NPM research solves real world challenges facing Māori. We do so in Māori-determined and inspired ways engendering sustainable relationships that grow the mana (respect and regard) and mauri (life essence) of the world we inhabit. Use the filters below to search our research
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  • Without Ngā Pae o te Māramatanga, New Zealand research on evolution hailed as a breakthrough by the world’s leading news media would never have happened. LIKE MANY A scientific race, it came down to the wire. When Dr Shane Wright, at the School of Biological Sciences at the University of Auckland, published new findings on the speed of evolution in top scientific journal, the Proceedings of the National Academy of Sciences of the United States of America, a rival team from Florida followed home just three weeks behind.

  • Now largely surrounded by downtown Napier, Te Whanganui-a-Orotū (the Ahuriri Estuary), has seen decades of agricultural, industrial, and urban activity that have transformed this once pristine cultural and food resource into a sink for environmental contaminants. Pushing the lagoon floor up two metres, the region’s 1931 earthquake only added to reclamation and pollution of food stocks.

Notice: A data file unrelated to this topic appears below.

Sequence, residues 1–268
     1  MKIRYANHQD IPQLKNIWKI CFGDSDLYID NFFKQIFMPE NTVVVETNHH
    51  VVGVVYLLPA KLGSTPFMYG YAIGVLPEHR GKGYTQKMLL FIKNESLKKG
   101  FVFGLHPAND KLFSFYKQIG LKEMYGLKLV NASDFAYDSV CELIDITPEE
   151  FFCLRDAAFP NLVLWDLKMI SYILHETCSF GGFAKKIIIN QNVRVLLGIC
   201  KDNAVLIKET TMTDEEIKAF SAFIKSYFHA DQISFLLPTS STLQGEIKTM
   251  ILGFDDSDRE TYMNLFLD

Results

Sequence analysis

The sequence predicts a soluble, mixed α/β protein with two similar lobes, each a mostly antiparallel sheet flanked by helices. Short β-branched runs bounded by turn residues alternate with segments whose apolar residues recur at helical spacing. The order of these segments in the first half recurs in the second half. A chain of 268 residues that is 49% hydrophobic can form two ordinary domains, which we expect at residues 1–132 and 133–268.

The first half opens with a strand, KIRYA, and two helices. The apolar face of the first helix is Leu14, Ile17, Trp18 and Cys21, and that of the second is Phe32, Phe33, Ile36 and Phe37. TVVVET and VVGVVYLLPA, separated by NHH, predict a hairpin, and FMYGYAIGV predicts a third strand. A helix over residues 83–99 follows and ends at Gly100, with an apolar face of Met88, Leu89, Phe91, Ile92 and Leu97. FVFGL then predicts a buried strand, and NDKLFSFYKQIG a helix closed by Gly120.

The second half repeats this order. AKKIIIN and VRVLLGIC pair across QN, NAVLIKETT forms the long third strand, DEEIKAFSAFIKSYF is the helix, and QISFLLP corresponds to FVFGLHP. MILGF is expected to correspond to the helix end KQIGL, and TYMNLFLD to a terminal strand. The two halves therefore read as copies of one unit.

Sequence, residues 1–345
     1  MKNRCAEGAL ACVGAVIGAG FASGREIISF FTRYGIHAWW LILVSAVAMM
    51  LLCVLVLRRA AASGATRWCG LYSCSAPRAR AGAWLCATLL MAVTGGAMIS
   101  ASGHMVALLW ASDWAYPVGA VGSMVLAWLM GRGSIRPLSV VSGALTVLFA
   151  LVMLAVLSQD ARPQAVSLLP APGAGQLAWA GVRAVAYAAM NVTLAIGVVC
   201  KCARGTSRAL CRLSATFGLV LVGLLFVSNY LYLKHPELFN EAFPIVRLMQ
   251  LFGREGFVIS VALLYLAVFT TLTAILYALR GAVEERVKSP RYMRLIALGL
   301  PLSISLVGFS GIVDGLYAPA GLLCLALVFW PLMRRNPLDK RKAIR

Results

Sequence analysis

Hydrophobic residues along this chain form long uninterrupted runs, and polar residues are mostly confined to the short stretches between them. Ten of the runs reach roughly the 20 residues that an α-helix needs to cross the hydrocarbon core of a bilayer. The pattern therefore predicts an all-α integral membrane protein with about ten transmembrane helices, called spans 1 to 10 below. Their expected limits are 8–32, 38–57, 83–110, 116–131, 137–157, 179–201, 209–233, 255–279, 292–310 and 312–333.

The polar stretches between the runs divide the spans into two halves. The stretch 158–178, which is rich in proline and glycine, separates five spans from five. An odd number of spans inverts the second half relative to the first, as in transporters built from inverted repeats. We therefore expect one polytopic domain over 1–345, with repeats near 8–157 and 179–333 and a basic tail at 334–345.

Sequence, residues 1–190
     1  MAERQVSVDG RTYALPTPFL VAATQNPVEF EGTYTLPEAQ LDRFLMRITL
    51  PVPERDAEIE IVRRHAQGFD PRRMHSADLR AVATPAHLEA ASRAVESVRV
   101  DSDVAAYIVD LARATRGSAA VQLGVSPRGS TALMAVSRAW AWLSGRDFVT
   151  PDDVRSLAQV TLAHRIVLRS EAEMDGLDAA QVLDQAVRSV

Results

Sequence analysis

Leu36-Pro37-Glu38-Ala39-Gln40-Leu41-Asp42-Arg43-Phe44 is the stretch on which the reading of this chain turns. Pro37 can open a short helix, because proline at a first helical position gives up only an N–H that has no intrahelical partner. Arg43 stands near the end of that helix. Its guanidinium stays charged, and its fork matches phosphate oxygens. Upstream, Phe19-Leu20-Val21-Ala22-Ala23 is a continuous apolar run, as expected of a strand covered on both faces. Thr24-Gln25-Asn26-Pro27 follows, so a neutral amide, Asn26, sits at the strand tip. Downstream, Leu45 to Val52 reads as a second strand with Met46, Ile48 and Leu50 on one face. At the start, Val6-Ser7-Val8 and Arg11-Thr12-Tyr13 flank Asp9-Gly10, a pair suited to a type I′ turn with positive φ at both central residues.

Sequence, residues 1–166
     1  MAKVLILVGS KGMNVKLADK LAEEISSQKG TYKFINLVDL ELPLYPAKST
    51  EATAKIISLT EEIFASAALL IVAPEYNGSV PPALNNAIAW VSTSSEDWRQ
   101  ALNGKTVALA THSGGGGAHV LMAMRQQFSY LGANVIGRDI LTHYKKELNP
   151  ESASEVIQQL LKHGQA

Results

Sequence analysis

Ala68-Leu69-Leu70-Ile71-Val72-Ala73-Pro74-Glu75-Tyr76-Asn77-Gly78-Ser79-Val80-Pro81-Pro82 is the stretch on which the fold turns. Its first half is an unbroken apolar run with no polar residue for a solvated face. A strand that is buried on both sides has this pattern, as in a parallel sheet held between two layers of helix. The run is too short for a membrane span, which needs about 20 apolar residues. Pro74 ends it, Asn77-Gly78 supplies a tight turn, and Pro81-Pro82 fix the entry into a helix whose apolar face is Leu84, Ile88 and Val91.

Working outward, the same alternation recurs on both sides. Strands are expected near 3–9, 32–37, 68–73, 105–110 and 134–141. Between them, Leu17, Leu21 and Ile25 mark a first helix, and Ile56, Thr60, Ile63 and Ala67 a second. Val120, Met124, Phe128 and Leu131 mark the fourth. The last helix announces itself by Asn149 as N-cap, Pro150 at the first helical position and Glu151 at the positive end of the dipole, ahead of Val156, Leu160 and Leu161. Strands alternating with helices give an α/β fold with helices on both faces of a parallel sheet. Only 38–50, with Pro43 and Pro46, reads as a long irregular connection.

• Te Aho Tapu

    What are the links between environmental integrity and the health, wellbeing and wealth of Indigenous communities?

    Ensuring the sustainable management of our natural resources is increasingly becoming an issue of national and international concern, and understandably so.

    Project commenced:
  • For Māori artists, as any other, recognition overseas can be vital. While sculptor Dr Brett Graham (Ngāti Korokī Kahukura) and audio-visual artist Rachael Rākena (Kāi Tahu, Ngā Puhi) had already built a strong following at home, their success at the prestigious Venice Biennale in 2007 was confirmation of Māori-inspired art’s international impact – and fulfilled a dream of exhibiting at a major world venue.

  • “We are taking a strengths-based approach. So that teachers can go from where they are now to where they want to be.” AS EVERY CHILD knows, learning to read means first cracking a code. The next challenge is reading to learn – when you move from just identifying the words to extracting deeper comprehension.

  • It never pays to underestimate the power of determination. When Patricia (Trish) Johnston (Ngaiterangi, Ngāti Pikiao) arrived to take up the position as Professor of Postgraduate Studies and Research at Te Whare Wānanga o Awanuiārangi she asked about basic research at the Wānanga and was told by one staff member it was something they didn’t do.